Children's books / Nicholas Tucker on teen reading

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The Independent Culture
Aged only 27, Keith Gray is a bright new talent in teenage fiction. From Blood: Two Brothers (Mammoth, pounds 4.99) is not as good as Creepers, his brilliant first novel, but it still deserves to be read. It describes a blood brotherhood ceremony which then unexpectedly allows each of the friends involved to enter into the others' thoughts. This is fine if it is a question of summoning aid quickly when danger threatens, but a disadvantage when Chris goes out with his first girlfriend and wants to be left uninterrupted.

Resentment leads to a fight, and shortly after former friend Paul is badly injured in a road accident. A protracted journey into the Absolute Elsewhere enables Chris to cheat time and save his friend's life, but by now the story has gone on too long for its own good. Before that, some authentic dialogue and a lively adolescent eye for adult foibles makes this an entertaining and sometimes moving read.

Robert Cormier is still one of the more controversial authors writing for teenagers, even though his first novel came out in 1974. Shining a powerful literary torch into dark areas many would prefer the young to leave unexplored has some merit, but the danger of sensationalism for its own sake is also always near. His latest work Tenderness (Gollancz, pounds 12.99) is more a cut-down adult story than a novel written to expand immature understanding. The inner life of an 18-year-old psychopathic serial killer makes for a gripping but ultimately nasty read, with his final conversion by the 12-year-old runaway he plans to kill both unconvincing and unintegrated into the pessimism of the tale. In his time Cormier played a useful part in challenging the unwritten law that all stories for children should end, if not happily, then at least on a note of moral resolution. Tenderness, with its absurd coincidences, over-explicit character descriptions and uneasy vocabulary of growing sexual awareness, is a shadow of his previous work.

Elizabeth Arnold's Gold and Silver Water (Mammoth, pounds 4.99) is a much more up-beat affair. This is the sequel to her successful The Parsley Parcel, and describes more adventures of Freya, a gypsy girl with the power of second sight. Her task this time is to restore a small child traumatised into mutism after witnessing the death of her mother and sister. Freya herself communicates in Gerard Manley Hopkins style (sometimes she feels "weary-world worried" or "heart-hungry home-sick"). This unusual, genuinely original piece of writing has the added luxury, for today, of a happy ending.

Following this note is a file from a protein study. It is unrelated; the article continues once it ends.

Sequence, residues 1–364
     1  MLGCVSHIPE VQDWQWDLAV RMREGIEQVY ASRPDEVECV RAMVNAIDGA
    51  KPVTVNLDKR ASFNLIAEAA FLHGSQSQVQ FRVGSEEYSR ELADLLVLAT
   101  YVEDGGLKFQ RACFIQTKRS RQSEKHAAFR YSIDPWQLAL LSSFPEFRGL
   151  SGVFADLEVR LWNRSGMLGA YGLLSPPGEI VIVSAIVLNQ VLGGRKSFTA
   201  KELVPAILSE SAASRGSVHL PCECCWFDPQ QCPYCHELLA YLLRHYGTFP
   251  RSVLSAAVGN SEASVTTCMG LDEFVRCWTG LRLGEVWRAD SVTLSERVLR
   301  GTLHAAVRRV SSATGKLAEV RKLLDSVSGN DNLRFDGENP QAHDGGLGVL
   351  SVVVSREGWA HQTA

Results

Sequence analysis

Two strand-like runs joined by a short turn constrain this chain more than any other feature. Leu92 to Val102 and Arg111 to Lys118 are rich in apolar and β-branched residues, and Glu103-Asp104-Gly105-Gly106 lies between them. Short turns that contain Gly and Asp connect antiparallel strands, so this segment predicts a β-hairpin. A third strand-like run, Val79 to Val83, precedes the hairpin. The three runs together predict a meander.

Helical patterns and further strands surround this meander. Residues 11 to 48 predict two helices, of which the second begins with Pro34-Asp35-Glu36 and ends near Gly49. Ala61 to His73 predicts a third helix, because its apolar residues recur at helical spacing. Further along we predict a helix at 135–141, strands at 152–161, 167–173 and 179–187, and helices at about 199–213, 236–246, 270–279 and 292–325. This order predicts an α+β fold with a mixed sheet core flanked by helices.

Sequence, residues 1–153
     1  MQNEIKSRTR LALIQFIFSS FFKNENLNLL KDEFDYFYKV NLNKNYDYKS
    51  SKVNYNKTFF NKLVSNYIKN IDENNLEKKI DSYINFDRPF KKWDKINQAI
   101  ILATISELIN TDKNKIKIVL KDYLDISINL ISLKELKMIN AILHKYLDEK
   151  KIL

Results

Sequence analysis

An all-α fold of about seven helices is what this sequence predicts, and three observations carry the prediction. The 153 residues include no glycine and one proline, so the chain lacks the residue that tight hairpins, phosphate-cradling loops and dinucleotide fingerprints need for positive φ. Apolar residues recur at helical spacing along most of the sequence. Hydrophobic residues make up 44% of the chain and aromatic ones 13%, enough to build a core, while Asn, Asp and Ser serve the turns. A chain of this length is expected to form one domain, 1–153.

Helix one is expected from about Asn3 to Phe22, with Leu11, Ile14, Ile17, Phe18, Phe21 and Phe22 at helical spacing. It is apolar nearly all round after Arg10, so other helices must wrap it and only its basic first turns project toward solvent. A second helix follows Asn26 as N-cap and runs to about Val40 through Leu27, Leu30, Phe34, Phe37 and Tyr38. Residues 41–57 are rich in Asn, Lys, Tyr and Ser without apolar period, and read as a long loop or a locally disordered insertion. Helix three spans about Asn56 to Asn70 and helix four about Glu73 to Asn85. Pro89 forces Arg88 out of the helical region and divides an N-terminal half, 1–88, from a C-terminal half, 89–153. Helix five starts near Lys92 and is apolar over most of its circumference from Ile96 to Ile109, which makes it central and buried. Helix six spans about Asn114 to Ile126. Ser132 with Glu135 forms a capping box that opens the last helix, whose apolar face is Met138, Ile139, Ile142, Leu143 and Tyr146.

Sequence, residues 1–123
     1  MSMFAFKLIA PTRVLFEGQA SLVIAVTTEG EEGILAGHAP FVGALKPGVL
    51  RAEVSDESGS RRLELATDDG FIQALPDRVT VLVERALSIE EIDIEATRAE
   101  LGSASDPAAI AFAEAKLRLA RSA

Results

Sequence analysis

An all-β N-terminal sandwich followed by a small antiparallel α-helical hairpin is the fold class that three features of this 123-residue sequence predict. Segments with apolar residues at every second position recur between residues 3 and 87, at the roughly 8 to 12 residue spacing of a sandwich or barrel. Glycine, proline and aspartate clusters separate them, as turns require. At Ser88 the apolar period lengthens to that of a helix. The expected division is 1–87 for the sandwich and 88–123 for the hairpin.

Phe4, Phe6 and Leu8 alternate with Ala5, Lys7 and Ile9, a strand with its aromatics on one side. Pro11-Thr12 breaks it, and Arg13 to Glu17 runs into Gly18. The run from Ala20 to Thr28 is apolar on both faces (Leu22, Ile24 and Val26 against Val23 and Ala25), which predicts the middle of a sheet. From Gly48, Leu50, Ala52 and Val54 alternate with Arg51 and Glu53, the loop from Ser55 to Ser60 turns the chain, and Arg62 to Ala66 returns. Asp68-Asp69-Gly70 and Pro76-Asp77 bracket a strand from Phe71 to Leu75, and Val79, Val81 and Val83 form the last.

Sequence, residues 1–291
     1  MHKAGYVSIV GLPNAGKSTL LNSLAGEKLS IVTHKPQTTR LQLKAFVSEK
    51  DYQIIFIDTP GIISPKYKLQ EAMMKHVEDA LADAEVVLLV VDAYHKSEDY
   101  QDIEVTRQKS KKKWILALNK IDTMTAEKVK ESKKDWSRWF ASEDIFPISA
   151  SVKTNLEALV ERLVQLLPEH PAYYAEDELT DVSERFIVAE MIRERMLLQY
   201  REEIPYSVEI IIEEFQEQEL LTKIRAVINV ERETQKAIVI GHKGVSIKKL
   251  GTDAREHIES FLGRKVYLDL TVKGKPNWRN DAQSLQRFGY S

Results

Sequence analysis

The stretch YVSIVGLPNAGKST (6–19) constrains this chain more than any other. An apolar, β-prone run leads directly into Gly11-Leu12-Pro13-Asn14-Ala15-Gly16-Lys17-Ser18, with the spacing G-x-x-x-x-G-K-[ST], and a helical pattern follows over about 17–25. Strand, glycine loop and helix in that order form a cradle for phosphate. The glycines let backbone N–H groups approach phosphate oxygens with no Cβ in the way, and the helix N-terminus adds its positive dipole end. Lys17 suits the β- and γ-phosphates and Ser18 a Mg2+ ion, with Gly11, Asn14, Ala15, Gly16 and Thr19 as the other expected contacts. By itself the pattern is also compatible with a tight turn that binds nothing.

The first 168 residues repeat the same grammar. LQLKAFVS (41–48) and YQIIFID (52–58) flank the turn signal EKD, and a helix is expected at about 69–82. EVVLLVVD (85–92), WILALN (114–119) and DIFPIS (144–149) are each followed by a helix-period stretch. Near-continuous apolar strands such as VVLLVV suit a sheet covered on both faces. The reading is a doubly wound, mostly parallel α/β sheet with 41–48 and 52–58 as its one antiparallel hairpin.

Lynne Markham's The Closing March (Mammoth pounds 4.50) is also a positive story, though set in a town where the young hero's grandfather and the pit he used to work in are both approaching extinction. Mick decides he would like to take his grandfather's place in the doomed colliery's final march, playing the old man's cornet at the same time. And that more or less is what happens, but only after a well-constructed plot where the pros and cons of mining as a way of life get an honest airing. The author occasionally becomes over-didactic in her eagerness that no reader should miss any of the points involved in Mick's occasional misgivings about life, death and art, where her real talents lie. But teenagers who enjoyed the film Brassed Off might also want to read this fictional counterpart to it.

Chris Westwood looks to the future in Virtual World (Viking, pounds 10.99), which offers readers a dizzy ride into the menacing potential of the type of "infotainment" offered by virtual reality and the Internet. A crazed inventor markets a game that traps viewers into giving up their own individuality. Once inside, it is hard to get out; once outside, there is an overwhelming urge to return. Terry Pratchett has already explored these intriguing possibilities in his stories, more successfully than Westwood in that he creates better characters while making much funnier jokes. Games-freaks may still go for this story, however, attracted by its general enthusiasm for the new worlds we are now creating.

Hugh Scott's The Ghosts of Raven's Crag (Walker Books, pounds 8.99) features a self-congratulatory family where everyone laughs loudly at each other's facetious remarks. So when a local evil spirit intervenes it is hard to be concerned, especially if ghastly, ever good-humoured Dad ("Little perishers!") is going to get some sort of come-uppance. But he finally wins through in a climax where the moans and shrieks, the dull thuds of a dead horse being soundly flogged are also evident. What a disappointment from an author with such a good track record.